Office of the Vice President for Global Communications

Wednesday, April 21, 2010

Pollard receives Susan B. Anthony Award for contributions to gender equality

Deborah Smith Pollard, associate professor of English literature, has received the 32nd annual Susan B. Anthony Award from UM-Dearborn.

Presented by the campus’ Commission for Women, the award recognizes a member of the UM-Dearborn community who has made significant contributions to gender equality.

Pollard

Pollard received the award during a dinner ceremony on April 15 at Fairlane Center South. Patricia Ireland, an attorney, social activist, author and former president of the National Organization for Women, was the evening’s keynote speaker.

Pollard has been a role model of the Susan B. Anthony motto, “Failure is impossible,” according to those who nominated her for the award.

Her many academic, professional, scholarly and personal achievements include being a former director of UM-Dearborn’s African and African-American Studies Program, co-sponsoring campus events and teaching the course “Black Women in Literature, Film and Music” for the Women’s and Gender Studies program at UM-Dearborn.

The Library of Michigan In 2008 named her book, “When the Church is your Party,” one of 20 Michigan Notable Books. Pollard’s book is a collection of essays on topics in gospel music, both in Detroit and on the national level, including praise and worship, women gospel music announcers and “holy hip hop.”

In addition to her academic role at UM-Dearborn, Pollard is well known for her gospel music program on Detroit radio powerhouse WJLB-FM. In 2005 she was named Gospel Announcer of the Year in the annual Stellar Awards.  

Last month, Pollard received UM-Dearborn’s Distinguished Service Award at the campus’s annual Honor Scholars and Faculty Awards ceremony.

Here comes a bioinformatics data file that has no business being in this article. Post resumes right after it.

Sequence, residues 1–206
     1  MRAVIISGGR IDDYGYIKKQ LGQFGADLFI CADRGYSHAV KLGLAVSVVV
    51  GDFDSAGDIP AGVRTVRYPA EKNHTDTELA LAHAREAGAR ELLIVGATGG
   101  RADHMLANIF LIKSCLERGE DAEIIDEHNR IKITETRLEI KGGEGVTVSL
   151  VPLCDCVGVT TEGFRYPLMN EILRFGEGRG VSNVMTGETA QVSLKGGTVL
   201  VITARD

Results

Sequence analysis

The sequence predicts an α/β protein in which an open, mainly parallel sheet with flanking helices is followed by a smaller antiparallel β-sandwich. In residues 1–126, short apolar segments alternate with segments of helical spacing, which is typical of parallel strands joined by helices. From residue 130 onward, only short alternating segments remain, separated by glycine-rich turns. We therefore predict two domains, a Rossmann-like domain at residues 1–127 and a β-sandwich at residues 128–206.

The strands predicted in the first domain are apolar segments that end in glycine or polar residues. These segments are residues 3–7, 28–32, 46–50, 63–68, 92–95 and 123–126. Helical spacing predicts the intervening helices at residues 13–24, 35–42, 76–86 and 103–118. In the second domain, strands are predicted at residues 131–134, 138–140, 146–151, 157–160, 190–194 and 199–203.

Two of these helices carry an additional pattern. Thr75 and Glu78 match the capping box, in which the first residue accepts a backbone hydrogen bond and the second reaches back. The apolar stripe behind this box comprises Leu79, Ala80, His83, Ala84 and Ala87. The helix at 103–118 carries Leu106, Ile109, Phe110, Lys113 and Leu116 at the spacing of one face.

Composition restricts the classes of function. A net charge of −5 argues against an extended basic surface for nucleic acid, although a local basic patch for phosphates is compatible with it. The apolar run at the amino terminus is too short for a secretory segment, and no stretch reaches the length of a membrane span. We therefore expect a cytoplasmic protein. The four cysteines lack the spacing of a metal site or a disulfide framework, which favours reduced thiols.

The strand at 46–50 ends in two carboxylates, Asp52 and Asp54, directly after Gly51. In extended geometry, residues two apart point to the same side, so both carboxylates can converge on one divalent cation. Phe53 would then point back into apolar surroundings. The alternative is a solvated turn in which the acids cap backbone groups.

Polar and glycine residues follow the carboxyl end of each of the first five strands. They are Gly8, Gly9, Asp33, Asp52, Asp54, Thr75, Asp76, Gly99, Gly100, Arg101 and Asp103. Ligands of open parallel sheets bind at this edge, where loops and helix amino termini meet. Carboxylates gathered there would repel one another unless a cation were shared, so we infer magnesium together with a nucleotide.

Also, Hoda Amine, director of the Family Domestic Violence Intervention Program in her private practice Dearborn Counseling Services, and Deborah LaBelle, an attorney, professor, writer and advocate, received Susan B. Anthony Community Awards.

The Commission for Women presents the Community Award annually to members of the local community whose lives and deeds exemplify the dedication, fortitude, political agitation and involvement of Susan B. Anthony on behalf of women.

A community activist and humanitarian supporting and fighting for justice for women, children and the elderly, Amine served as a delegate in 2004 for the Arab Anti-Discrimination Committee (ADC) and traveled to Jordan, Syria and Lebanon to meet with Queen Rania of Jordan, the first ladies of Syria and Lebanon, and many other dignitaries and NGOs.  

Amine is a longtime active member of UM-Dearborn’s College of Arts, Sciences, and Letters’ SOAR Advisory Board, and is a member of numerous local, national and international humanitarian and human service organizations.  

LaBelle has served as lead counsel in more than a dozen class action cases that have successfully challenged policies affecting the treatment of incarcerated men, women and juveniles and their families.  She has represented clients before the U.S. Supreme Court and in international forums. In her most recent case, LaBelle reformed the law to prevent the rape and abuse of women in a prison in Michigan, a case that prompted the jury to offer an apology to the women on behalf of the people of the state of Michigan.

LaBelle was the first American recognized by Human Rights Watch as a Human Rights Monitor for her work on behalf of incarcerated women and girls. Her publications on the topics of human rights of women in detention include “Women at the Margins, Neglect, Punishment and Resistance,” “Ensuring Rights for All:  Realizing Human Rights for Prisoners in Bringing Human Rights Home,” and “Bringing Human Rights Home to the World of Detention.”

LaBelle is a Senior Soros Justice Fellow and, in addition to her private practice, director of the American Civil Liberties Union’s Juvenile Life Without Parole Initiative.